Charles Stark Draper, aeronautical engineer who headed MIT's Instrumentation Laboratory and later the lab that bore his own name

Charles Stark “Doc” Draper was an aeronautics expert who, at the MIT Confidential Instruments Development Lab (Building 33), presided over a group of scientists who contemplated how to control the firing of ammunition. With a partnership he entered into with Sperry Gyroscope, they were able to develop a revolutionary new gun sight that helped the war effort. This was an oft-copied template at MIT going forward: labs blended instruction with real-world problem solving.

Feedback control pioneer Prof. Gordon Brown, who started the MIT Servomechanism Laboratory, was the “glue” in the June, 1940 partnership of Sperry and Draper. And after he arrived at MIT, Brown’s student (and magnetic core memory designer) Jay Forrester proved so invaluable that he

Jay W. Forrester, pioneering engineer/manager of MIT's "Project Whirlwind"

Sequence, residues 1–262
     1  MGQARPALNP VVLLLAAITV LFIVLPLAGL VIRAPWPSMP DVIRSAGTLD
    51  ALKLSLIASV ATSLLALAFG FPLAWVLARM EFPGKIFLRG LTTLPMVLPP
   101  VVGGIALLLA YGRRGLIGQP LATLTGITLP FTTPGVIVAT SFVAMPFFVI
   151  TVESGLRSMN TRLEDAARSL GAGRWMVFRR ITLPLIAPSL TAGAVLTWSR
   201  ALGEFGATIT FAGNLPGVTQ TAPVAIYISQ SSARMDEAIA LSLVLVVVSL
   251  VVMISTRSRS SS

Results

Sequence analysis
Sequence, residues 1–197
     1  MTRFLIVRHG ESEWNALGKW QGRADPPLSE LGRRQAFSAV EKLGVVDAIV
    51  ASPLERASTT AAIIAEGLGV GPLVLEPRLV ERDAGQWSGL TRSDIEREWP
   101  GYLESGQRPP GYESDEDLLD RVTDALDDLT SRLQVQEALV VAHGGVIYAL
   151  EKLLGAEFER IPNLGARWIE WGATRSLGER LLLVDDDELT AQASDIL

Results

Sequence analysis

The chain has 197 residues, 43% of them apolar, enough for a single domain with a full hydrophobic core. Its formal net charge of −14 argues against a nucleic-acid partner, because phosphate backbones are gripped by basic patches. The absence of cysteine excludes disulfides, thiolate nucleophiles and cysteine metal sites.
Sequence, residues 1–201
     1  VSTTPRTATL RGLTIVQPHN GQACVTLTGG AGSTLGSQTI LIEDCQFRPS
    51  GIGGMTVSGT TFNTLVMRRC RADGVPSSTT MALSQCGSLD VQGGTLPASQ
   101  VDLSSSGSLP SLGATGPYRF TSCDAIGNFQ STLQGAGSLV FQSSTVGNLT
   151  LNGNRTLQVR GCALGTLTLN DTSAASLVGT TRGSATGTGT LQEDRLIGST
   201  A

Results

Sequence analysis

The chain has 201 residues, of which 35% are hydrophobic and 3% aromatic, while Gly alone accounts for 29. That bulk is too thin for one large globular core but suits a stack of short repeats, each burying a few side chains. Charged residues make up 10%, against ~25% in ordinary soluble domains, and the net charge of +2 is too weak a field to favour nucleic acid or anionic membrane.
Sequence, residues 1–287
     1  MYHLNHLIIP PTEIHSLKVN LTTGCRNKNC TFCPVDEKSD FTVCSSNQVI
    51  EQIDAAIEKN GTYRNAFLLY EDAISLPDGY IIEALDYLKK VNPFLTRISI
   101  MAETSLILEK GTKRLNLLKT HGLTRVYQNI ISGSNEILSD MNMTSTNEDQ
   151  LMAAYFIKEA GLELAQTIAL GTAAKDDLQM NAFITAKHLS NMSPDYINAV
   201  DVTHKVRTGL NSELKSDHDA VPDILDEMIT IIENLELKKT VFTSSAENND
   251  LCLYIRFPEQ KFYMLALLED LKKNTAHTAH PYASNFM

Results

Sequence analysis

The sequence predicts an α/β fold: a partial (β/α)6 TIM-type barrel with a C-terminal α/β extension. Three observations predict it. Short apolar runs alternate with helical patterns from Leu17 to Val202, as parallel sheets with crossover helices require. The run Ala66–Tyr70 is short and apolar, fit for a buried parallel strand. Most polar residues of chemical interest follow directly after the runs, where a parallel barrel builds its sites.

was made assistant director of the “Servo” lab – where he would develop a new type of flight simulator that became “Project Whirlwind,” which in turn laid the groundwork for Forrester’s development of the first real-time digital computer. The war effort had shown that MIT could work with the military to create products that were invaluable for the comfort and wellbeing (not to mention efficiency) of our soldiers: gas masks, flamethrowers, freeze-dried foods, and aerial nighttime photography, to name just a few. MIT had become a true innovator in military technology.

War at MIT